Tuesday, February 12, 2013

Radioactive Decay of Candium

Last week, I posted on G+ a brief preview about an in-class learning activity that I do in my geochemistry course, which I refer to as the "Radioactive Decay of Candium".  The idea is to use a student-centered activity in class that is enjoyable & interesting in order to learn about how radioactive decay works.  I didn't originate the idea, rather I've taken the main idea from an activity on the SERC geoscience education website & modified it a bit.

The activity begins with a very short discussion about how radioactive decay works, but really I want to get them going quickly, so we talk about the fact that each m&m has a 50/50 chance of landing m-side up or m-side down, a lot like flipping a coin.  So I give them each a couple hundred pieces, a bag, and a couple of pieces of clean, white paper, and a handout.  Their job is to count the pieces, place them in the bag, shake them up, pour them out, remove those showing m-side up, and count the ones that remain.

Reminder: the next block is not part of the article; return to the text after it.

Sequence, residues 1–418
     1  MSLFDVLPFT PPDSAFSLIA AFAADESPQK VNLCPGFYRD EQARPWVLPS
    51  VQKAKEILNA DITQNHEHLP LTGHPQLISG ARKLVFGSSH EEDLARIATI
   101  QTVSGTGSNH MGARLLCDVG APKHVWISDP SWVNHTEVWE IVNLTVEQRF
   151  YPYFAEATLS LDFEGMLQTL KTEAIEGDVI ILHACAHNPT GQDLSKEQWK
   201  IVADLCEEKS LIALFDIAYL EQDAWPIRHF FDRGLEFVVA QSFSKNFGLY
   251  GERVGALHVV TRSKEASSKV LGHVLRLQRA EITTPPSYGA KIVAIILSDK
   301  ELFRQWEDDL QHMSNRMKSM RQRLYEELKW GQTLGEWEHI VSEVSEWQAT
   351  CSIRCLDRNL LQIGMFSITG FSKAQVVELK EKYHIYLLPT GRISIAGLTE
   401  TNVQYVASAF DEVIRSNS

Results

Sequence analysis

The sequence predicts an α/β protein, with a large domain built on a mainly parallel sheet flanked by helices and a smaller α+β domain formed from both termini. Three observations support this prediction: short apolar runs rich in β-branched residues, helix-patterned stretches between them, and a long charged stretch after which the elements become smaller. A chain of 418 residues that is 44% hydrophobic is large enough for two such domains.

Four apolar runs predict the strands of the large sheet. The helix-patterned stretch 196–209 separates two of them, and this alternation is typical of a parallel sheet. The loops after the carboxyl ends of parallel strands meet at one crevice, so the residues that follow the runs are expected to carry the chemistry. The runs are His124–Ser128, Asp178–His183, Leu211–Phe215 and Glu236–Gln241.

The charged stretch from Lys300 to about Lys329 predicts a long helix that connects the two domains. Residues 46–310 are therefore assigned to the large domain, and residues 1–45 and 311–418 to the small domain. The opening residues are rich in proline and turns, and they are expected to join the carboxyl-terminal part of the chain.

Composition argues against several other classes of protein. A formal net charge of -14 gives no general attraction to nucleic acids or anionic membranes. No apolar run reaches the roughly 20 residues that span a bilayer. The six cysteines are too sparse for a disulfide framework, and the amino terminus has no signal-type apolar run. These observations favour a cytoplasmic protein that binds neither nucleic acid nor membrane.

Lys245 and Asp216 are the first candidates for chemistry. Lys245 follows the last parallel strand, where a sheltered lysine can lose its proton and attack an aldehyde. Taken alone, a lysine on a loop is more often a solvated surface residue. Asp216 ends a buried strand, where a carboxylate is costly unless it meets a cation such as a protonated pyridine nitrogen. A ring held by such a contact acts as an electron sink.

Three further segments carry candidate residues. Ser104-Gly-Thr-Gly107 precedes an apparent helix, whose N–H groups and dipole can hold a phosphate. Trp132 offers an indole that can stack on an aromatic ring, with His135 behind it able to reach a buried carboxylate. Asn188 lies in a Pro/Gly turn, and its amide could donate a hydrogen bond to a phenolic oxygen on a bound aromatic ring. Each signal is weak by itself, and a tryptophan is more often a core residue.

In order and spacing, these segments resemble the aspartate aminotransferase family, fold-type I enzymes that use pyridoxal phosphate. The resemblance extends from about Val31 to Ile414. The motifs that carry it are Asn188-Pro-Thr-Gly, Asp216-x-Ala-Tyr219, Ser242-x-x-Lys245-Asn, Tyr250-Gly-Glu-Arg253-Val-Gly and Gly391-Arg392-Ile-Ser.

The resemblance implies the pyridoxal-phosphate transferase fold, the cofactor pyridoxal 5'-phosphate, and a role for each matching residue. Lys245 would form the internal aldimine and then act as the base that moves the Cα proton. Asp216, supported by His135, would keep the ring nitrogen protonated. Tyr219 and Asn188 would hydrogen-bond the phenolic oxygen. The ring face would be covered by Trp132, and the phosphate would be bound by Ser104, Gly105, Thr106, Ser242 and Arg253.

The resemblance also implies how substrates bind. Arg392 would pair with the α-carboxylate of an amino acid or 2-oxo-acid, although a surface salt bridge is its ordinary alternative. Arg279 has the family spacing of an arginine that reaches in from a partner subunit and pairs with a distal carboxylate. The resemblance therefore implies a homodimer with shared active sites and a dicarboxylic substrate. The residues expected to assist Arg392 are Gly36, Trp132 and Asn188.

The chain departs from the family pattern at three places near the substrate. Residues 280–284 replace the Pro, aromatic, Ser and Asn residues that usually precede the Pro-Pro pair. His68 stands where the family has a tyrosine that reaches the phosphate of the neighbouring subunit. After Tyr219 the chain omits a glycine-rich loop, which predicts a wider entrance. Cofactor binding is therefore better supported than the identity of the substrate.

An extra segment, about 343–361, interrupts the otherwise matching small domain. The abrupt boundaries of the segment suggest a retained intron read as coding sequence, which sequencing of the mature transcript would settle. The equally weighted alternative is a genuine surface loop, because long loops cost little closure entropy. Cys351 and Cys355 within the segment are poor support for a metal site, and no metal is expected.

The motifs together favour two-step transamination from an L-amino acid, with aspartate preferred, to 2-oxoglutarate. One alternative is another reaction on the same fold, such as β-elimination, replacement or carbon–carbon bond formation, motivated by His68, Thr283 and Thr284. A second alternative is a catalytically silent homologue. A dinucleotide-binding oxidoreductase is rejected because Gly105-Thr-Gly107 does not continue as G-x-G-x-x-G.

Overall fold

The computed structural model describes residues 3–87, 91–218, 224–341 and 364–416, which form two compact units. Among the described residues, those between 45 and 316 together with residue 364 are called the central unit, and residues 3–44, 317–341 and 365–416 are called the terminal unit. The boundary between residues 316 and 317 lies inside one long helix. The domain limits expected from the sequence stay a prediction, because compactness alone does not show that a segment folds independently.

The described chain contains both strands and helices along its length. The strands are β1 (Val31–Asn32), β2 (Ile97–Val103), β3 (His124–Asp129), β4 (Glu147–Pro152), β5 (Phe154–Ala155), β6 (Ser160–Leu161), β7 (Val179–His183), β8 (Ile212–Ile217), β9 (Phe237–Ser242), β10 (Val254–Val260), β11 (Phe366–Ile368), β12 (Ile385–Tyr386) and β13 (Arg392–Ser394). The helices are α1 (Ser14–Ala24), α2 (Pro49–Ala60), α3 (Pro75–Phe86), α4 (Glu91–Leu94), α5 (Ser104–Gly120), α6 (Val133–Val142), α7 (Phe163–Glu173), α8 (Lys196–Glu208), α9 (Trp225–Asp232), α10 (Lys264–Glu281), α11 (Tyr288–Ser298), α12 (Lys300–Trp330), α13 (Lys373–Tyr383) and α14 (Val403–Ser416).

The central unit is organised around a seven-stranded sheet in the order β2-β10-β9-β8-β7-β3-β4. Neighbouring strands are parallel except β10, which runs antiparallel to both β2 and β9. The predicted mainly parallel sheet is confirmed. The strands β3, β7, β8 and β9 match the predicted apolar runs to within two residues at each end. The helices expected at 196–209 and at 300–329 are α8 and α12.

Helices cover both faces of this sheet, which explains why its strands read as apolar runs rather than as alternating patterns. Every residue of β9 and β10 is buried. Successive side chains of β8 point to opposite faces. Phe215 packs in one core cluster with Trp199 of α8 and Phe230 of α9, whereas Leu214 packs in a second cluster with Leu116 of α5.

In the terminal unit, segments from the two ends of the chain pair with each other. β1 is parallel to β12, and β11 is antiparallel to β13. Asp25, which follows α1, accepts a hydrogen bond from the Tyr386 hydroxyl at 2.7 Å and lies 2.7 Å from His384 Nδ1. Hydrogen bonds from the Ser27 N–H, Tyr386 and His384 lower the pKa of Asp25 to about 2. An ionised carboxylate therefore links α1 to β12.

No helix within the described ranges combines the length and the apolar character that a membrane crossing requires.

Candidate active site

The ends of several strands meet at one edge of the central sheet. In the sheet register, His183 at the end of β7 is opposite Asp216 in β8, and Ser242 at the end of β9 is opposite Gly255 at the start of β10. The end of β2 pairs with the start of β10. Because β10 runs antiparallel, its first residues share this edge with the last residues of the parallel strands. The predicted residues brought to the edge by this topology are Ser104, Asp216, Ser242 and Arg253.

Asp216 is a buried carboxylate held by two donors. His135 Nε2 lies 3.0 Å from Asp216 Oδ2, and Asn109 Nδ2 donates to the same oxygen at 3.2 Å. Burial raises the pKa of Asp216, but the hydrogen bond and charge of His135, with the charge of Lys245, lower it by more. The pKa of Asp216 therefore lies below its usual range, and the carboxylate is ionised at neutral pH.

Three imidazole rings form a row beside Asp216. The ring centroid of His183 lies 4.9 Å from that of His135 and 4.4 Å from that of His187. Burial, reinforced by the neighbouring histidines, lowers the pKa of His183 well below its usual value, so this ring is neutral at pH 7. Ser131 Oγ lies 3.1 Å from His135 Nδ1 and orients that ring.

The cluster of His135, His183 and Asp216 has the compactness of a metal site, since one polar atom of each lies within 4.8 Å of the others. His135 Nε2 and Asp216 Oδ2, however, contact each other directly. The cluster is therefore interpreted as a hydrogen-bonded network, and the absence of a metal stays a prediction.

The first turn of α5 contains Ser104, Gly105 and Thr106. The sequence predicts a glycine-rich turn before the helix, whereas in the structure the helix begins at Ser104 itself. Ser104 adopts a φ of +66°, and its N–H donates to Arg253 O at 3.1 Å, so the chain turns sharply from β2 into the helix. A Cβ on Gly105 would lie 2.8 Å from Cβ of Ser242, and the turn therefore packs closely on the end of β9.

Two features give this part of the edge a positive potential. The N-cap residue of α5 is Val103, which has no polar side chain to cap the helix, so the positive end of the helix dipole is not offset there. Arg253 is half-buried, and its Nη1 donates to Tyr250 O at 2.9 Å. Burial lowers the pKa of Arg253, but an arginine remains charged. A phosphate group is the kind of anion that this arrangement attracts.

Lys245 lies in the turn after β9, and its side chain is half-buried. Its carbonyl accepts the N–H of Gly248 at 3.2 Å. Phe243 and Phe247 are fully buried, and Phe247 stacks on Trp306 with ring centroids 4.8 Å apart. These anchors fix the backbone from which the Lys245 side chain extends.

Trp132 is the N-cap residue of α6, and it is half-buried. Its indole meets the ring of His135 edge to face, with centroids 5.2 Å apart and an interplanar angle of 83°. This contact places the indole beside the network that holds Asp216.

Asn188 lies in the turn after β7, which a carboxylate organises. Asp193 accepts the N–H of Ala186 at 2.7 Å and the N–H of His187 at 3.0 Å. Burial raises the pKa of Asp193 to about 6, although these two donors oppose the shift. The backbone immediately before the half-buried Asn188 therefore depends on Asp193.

Fig 1. Science in progress!

Those that remain are placed back in the bag & the process is repeated.  Each time, they record their results on the board.  After they reach zero m&ms, I give them a second handful of pieces, they count those & then add them to their first pile and do it all over again with a larger sample.  At this point, they might have ~300 pieces.  This time, however, those that "decay" each turn might get eaten.  After all of the groups (I usually have them do this in pairs) have finished, everyone records all of the data.  We then walk through the graphs they have to create with the numbers, now working on their own.  So here's a graph of all the trial runs, including the "class total", which is just a sum of all pieces on each step.
Fig. 2.  Decay curves of Candium for all experimental runs.  

This obviously shows the number of pieces that remain on each turn after they shake them out & separate out the "decayed atoms".  Then I have them calculate the percent of the total number of "atoms" that have remained on each turn, which looks like the figure below.
Fig. 3.  Percentage of total atoms that remain on each turn for all experimental runs.
I like the comparison of the two graphs, in that it shows that no matter how many atoms you start with, the decay in each case is the same percentage.  It's a fun activity that helps students really connect to the idea of radioactive decay, and a tasty one too!

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